with those which were risen in Essex under Sir Charles Lucas and Sir George Lisle; which being denied, the greatest part of his Kentish men deserted him. With the rest, not above 500, he crossed the Thames into the Isle of Dogs, and so to Bow, and thence to Colchester. Fairfax having notice of this, crossed the Thames at Gravesend; and overtaking them, besieged them in Colchester. The town had no defence but a breastwork, and yet held out, upon hope of the Scotch army to relieve them, the space of two months. Upon news of the defeat of the Scots they were forced to yield. The Earl of Norwich was sent prisoner to London. Sir Charles Lucas and Sir George Lisle, two loyal and gallant persons, were shot to death. There was also another little insurrection, headed by the Earl of Holland, about Kingston; but quickly suppressed, and he himself taken prisoner.
B. How came the Scots to be so soon dispatched?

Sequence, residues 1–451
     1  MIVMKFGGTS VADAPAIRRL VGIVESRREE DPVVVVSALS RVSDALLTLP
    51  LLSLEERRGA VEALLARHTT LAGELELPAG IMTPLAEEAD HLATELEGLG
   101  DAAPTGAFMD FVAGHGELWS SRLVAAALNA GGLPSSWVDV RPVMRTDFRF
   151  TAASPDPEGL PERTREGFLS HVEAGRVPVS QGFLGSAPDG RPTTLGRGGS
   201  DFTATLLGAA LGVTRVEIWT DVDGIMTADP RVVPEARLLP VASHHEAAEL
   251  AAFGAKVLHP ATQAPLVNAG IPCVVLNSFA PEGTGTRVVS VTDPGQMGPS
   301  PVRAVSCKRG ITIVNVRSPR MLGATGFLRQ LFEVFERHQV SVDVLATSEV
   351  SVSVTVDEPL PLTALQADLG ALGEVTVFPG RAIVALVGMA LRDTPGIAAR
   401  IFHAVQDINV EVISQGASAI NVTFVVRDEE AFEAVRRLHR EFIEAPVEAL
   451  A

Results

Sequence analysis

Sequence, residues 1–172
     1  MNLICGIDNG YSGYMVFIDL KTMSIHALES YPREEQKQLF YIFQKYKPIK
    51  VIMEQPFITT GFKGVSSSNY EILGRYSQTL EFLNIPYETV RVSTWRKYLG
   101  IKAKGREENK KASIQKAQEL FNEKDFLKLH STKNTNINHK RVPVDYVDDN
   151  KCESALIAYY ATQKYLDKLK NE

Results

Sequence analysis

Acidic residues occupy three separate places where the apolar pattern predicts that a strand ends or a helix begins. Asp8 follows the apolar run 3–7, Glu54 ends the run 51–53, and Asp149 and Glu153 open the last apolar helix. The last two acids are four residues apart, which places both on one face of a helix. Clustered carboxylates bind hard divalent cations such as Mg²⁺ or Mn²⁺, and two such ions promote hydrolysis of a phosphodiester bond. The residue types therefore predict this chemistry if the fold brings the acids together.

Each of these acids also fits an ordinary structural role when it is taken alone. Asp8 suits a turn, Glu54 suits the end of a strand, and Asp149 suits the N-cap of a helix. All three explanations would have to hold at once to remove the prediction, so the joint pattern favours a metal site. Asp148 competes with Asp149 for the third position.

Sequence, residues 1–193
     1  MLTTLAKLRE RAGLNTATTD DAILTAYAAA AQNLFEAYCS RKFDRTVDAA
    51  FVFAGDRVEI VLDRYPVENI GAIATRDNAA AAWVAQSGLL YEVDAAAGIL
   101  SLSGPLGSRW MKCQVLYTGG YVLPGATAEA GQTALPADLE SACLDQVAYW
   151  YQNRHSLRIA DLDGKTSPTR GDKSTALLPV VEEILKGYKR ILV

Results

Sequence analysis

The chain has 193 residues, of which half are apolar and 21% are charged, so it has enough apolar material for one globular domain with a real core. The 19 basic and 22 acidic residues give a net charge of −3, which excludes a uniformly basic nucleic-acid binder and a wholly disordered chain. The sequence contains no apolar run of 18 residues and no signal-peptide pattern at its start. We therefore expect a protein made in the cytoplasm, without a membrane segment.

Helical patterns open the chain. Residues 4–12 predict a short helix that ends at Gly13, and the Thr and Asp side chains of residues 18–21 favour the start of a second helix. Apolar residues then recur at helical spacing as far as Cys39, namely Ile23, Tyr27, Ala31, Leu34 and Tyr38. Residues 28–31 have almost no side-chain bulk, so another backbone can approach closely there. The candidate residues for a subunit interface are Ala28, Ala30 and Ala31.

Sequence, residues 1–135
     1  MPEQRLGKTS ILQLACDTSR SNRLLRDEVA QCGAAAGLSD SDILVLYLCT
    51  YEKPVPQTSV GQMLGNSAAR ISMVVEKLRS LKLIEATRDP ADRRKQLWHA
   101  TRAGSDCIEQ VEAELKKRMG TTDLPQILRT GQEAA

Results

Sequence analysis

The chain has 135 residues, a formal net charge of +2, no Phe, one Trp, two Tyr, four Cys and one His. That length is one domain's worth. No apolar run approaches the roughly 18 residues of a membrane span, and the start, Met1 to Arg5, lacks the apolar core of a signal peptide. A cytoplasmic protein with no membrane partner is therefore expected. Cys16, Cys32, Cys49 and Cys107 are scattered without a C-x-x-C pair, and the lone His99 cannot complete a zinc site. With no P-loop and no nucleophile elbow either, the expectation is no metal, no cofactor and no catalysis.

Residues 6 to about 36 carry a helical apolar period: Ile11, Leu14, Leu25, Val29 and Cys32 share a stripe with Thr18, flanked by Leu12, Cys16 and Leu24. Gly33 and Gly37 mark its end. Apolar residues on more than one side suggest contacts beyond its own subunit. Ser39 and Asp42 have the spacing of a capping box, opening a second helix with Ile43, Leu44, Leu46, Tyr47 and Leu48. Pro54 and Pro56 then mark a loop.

A. Merely (as it is said) for want of conduct. Their army was led by Duke Hamilton, who was then set at liberty, when Pendennis Castle, where he was prisoner, was taken by the Parliamentarians. He entered England with horse and foot 15,000, to which came in above 3,000 English royalists. Against these Cromwell marched out of Wales with horse and foot 11,000, and near to Preston in Lancashire, in less than two hours, defeated them. And the cause of it is said to be, that the Scotch army was so ordered as they could not all come to the fight, nor relieve their fellows. After the defeat, they had no way to fly but further into England; so that in the pursuit they were almost all taken, and lost all that an army can lose; for the few that got home, did not all bring home their swords. Duke Hamilton was taken, and not long after sent to London. But Cromwell marched on to Edinburgh, and there, by the help of the faction which was contrary to Hamilton’s, he made sure not to be hindered in his designs; the first whereof was to take away the King’s life by the hand of the Parliament.